and transfer of players (RSTP) has repeatedly and expressly referred to the
specificity of sport. Apparently, the concept of
specificity of sport has different meanings and purposes in the ECJ and CAS
jurisprudence. In this blog (divided in two parts), I will try to analyse those
two different meanings and to what extent the CAS case-law is consistent with
the concept of specificity of sport as elaborated under EU law. More...
Editor’s note: Thomas Terraz is a third
year LL.B. candidate at the International and European Law programme at The
Hague University of Applied Sciences with a specialisation in European Law.
Currently he is pursuing an internship at the T.M.C. Asser Institute with a
focus on International and European Sports Law.
To many it may seem obvious that athletes in a national
championship should only be able to participate if they have the nationality of
the relevant state. The Dutch Road Cycling National Championships should have
Dutch cyclists, and the German Athletics Championships should have German athletes
and so forth. However, in reality, foreign competitors are allowed to
participate in many national championships in the EU, and there is a wide
discrepancy between the rules of national sport governing bodies on this issue.
There is no unified practice when investigating this point by country or by
sport, and rules on participation range from a complete ban on foreign
competitors to absolutely no mention of foreign athletes.
Thus, the question arises: should foreign athletes be able to participate in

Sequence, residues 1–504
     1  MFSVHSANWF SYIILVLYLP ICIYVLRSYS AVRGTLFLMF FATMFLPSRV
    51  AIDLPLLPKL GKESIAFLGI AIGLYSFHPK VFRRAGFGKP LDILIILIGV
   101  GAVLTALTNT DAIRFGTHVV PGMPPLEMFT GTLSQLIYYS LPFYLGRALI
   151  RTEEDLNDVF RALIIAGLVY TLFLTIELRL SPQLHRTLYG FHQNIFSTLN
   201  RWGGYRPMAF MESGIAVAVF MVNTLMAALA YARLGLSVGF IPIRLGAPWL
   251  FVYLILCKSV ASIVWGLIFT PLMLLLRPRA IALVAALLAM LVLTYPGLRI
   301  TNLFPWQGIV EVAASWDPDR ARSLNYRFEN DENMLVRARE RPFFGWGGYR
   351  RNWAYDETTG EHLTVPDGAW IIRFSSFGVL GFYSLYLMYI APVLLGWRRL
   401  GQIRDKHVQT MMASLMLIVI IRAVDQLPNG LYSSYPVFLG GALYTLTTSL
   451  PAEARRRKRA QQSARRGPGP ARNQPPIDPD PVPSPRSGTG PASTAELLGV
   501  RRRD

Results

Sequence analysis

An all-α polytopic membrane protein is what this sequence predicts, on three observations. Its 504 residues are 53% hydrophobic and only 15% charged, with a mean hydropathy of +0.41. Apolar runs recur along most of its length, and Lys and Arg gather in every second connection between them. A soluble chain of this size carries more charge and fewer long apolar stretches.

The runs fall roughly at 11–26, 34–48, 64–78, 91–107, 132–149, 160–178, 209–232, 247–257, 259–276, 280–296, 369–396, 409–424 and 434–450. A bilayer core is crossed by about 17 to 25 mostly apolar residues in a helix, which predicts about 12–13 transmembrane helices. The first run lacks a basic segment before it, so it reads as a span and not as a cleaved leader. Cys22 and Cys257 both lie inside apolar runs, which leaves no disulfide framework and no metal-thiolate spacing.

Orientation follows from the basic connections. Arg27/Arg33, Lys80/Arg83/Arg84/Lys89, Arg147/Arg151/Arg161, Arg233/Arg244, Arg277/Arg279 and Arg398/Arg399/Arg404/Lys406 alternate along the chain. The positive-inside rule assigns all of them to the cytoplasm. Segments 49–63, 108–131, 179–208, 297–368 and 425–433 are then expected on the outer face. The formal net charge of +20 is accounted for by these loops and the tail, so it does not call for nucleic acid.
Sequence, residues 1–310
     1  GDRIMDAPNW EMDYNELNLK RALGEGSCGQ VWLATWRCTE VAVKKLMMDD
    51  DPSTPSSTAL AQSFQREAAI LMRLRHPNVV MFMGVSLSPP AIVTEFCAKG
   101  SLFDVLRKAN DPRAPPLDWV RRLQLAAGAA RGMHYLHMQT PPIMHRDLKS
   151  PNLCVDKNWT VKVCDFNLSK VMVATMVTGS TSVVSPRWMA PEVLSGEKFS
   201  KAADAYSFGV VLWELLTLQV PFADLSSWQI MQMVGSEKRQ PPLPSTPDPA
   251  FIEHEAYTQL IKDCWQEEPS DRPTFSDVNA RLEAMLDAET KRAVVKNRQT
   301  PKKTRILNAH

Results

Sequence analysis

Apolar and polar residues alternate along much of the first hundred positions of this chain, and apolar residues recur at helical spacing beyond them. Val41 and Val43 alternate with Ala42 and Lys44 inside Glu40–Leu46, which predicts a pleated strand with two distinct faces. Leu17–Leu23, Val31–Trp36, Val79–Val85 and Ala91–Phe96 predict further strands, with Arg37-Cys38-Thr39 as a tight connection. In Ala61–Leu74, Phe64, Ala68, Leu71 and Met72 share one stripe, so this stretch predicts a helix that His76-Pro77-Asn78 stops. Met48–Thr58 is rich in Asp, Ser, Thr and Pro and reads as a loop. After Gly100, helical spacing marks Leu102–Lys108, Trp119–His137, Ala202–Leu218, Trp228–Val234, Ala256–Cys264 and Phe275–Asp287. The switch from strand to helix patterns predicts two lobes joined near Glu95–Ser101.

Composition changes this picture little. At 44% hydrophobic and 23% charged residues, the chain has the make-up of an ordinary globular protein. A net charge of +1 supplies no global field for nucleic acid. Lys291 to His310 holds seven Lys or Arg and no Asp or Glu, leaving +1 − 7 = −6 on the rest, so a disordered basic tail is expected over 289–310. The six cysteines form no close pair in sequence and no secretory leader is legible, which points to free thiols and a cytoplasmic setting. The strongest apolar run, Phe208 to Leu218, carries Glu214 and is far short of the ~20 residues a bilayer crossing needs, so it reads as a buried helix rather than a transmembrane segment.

national sport championships?
The Court of Justice of the European Union (CJEU) will soon
be required to provide an, at least partial, answer to this dilemma as a result
of an application for a preliminary
ruling. A German Court has
referred three questions to the CJEU on the case TopFit e.V. Daniele Biffi v
Deutscher Leichtathletikverband e.V. (DLV) which in essence ask whether EU
citizenship rights and in particular, the requirement of non-discrimination on
the basis of nationality, should be applied to non-nationals wishing to
participate in an athletics national championship in Germany. In the meantime,
the Advocate General (AG), who provides a non-binding opinion to the Court
before a decision is delivered, Evgeni Tanchev has delivered an interesting opinion on the case. It addresses the claims from the applicants
based on EU citizenship rights and urges the CJEU to instead review the case on
the basis of the freedom of establishment.
This blog will dissect the AG’s opinion to assess the main
arguments put forward in relation to freedom of establishment and EU
citizenship. Furthermore, it will weigh the ramifications this case may have on
the boundaries of EU law in relation to sport. To fully appreciate the AG’s
opinion, it is necessary to first discuss the intriguing factual and legal
background colouring this case. After all, this will not be the first time the CJEU
faces thorny issues concerning discrimination on the basis of nationality and sport. More...
Pursuant to Kelsen’s famous pyramid, the authority of norms may be
ranked according to their sources: Constitution is above the Law, which is in
turn superior to the Regulations, which themselves stand higher to the
Collective Agreement etc…Under French labour law, this ranking can however be
challenged by a “principle of favourable treatment” which allows a norm from a
lower rank to validly derogate from a superior norm, if (and only if) this
derogation benefits to the workers.
April 2014, the Cour de Cassation (the French Highest Civil Court) considered that
these principles apply in all fields of labour law, regardless of the
specificity of sport. In this case, Mr. Orene Ai’i, a professional
rugby player, had signed on 13 July 2007
an employment contract with the Rugby Club Toulonnais (RCT) for two sport
seasons with effect on 1 July 2007. More...